incorporates software project artifacts (e.g. design specifications and
code), methods, activities and the agents (people or computer programs)
that carry out these activities. Development processes are assessed using
knowledge of development methods, technical standards and engineering
"best practice". In addition to representing specific software development
projects, we are using the framework to model in an explicit form the
contents of software development standards and quality procedures.
168K doc file
"A Framework for Modelling Software Development Processes"; Jim Doheny
and Ian Filby, AIAI; This paper was presented at the Software Quality
Management IV, Cambridge, UK; April, 1996;
This paper describes the ASPEN software process modelling framework and
support tool. The modelling framework is based on a process ontology
(vocabulary) that incorporates software project artifacts (e.g. design
specifications and code), methods, activities and the agents that carry out
these activities. It includes a rich information modelling taxonomy that
supports the classification of project artifacts, by relating the project
artifacts to the things in the 'real-world' which they represent. Software
development standards may be explicitly represented as constraints on the
development process. The ASPEN support tool provides support for project
auditors/assessors in evaluating existing processes and for project
managers in constructing process models.
277K doc file
"Building a KBS for Health and Safety Assessment"; John Kingston,
AIAI; Proceedings of BCS Expert Systems '96: Cambridge; 16-18 December 1996;
EASE (`Estimation and Assessment of Substance Exposure') is a
knowledge-based system for assessing workplace exposure to potentially
hazardous new substances. It was built for the Health and Safety Executive of
the United Kingdom (HSE).
EU regulations require a manufacturer of a new substance to notify the
appropriate authority, who will carry out a risk assessment of it.
To aid this process, guidance is provided by the regulator for use by both
authorities and manufacturers.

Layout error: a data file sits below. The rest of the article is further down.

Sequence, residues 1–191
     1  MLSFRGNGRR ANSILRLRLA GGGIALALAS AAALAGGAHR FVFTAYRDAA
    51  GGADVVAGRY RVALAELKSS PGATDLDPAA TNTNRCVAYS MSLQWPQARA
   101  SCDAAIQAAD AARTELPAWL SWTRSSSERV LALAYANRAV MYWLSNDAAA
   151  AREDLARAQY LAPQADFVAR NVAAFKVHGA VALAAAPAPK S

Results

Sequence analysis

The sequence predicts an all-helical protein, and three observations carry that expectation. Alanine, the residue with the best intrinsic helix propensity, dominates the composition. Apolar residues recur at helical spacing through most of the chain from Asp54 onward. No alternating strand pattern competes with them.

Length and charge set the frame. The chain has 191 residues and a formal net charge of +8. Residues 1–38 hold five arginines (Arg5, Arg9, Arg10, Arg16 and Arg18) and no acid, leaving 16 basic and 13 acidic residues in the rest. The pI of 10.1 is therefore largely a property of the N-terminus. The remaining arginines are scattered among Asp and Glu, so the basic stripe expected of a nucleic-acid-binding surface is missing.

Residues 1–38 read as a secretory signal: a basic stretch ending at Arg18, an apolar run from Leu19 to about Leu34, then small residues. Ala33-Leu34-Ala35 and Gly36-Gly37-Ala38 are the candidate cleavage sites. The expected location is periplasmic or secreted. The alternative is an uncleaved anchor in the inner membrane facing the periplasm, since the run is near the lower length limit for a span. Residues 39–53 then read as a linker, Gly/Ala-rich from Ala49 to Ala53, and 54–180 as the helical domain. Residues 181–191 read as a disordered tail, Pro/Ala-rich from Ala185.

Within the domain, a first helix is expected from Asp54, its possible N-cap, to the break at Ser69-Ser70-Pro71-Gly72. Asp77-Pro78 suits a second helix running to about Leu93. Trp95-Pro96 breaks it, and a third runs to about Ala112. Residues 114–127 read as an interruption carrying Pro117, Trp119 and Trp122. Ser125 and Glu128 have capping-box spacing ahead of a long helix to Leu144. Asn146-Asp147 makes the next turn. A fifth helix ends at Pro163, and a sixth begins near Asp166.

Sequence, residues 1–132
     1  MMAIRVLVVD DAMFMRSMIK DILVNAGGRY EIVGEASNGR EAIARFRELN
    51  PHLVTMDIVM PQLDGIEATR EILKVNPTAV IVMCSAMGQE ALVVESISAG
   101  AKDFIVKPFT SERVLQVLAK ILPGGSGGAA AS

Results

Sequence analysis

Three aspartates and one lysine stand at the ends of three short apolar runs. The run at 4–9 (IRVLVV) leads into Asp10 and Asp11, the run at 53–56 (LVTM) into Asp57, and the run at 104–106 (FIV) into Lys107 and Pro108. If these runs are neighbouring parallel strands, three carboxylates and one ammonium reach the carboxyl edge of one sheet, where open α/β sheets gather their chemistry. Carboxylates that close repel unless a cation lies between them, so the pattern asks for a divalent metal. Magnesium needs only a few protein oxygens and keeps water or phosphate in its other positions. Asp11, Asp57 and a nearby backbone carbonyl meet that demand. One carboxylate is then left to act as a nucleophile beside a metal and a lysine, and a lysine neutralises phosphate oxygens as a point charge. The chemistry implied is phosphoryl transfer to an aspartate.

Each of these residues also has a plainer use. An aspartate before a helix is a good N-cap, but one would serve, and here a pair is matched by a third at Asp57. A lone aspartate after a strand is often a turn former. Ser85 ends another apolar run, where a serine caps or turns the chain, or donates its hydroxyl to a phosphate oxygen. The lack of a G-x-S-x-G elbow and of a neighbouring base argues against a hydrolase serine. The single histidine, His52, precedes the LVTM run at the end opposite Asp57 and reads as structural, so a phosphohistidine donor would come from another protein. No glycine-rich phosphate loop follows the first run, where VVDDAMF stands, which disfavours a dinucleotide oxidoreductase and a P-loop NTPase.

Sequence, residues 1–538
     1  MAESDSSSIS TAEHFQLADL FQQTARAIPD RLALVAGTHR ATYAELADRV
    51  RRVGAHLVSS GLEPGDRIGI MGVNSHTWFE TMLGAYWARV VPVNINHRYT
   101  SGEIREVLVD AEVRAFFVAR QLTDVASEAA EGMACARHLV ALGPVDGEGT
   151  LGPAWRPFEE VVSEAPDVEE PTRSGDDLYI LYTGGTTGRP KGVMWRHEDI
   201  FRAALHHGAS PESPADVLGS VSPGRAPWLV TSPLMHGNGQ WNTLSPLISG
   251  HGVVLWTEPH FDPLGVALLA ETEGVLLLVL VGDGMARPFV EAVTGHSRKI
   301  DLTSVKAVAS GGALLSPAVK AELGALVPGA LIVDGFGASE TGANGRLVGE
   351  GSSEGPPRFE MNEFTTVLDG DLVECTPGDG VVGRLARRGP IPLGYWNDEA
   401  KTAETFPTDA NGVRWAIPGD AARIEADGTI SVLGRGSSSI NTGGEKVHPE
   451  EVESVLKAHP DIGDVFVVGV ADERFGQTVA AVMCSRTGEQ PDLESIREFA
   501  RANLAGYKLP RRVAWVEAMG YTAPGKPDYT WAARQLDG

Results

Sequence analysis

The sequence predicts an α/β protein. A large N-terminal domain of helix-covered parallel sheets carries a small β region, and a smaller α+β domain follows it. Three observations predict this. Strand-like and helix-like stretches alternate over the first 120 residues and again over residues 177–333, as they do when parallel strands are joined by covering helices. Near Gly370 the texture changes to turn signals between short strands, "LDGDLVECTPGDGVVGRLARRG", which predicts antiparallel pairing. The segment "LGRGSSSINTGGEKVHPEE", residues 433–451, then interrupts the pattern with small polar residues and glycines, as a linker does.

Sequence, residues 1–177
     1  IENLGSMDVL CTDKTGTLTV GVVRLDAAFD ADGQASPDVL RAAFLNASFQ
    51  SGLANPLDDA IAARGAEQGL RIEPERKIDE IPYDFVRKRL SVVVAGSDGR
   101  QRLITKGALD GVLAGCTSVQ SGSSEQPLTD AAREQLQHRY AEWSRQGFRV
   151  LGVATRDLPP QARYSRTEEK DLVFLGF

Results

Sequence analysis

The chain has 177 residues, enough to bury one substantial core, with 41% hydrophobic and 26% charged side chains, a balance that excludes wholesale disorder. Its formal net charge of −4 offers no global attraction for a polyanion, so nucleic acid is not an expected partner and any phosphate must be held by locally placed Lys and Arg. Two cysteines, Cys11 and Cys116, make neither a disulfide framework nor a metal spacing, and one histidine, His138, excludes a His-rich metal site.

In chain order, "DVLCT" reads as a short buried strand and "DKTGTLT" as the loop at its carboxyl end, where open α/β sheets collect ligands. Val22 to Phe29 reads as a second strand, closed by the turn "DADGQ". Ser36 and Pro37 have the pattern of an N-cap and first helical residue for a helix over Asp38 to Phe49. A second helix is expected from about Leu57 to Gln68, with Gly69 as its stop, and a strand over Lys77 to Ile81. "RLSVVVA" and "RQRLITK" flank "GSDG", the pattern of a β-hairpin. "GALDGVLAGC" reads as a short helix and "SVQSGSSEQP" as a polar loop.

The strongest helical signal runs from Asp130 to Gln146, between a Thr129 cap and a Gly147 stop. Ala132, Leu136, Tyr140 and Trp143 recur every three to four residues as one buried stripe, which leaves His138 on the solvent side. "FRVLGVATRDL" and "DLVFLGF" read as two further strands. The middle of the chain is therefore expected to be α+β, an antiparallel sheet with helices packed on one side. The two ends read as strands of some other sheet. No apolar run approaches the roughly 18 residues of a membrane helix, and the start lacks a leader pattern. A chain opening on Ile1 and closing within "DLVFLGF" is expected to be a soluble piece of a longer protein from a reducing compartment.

This is usually provided as a paper document, but
HSE decided that a computer based guidance system would be of benefit.
Safety-related considerations and a desire for quality led to the
system being developed in
accordance with ISO9001 standards.
The system guides the user by offering a menu of appropriate choices
whenever it needs information.
The use of CommonKADS ensured that the problem requirements and the
expert knowledge involved were captured within a standard framework which
promoted unambiguous communication between the members of the project team
and provided a solid base for system design, implementation, maintenance, and
The system was implemented using the NASA CLIPS
development tool for the inference engine and knowledge base.
Initially required to run under MS-DOS on a PC AT equivalent with 640K of RAM,
a second release to run under Windows 3.1 reused the inference engine and
knowledge base, requiring only a revised user interface.
The system has been widely distributed for use by authorities throughout
"Evaluation of workbenches which support the CommonKADS methodology";
John Kingston, Jim Doheny and Ian Filby, AIAI; Appears in Knowledge
Engineering Review, 10, 3, 1995;
£ 12.00 UK/surface mail; £ 14.00 airmail
The KADS methodology and its successor, CommonKADS, have gained a
reputation for being useful approaches to building knowledge based
systems in a manner which is both systematic and well documented.
However, these methods require considerable effort to use them
completely. It has been suggested that automated support for KADS or
CommonKADS users, in the form of "knowledge engineering workbenches",
could be very useful. These tools would provide computerised
assistance to knowledge engineers in organising and representing
knowledge, in a similar fashion to the support which CASE tools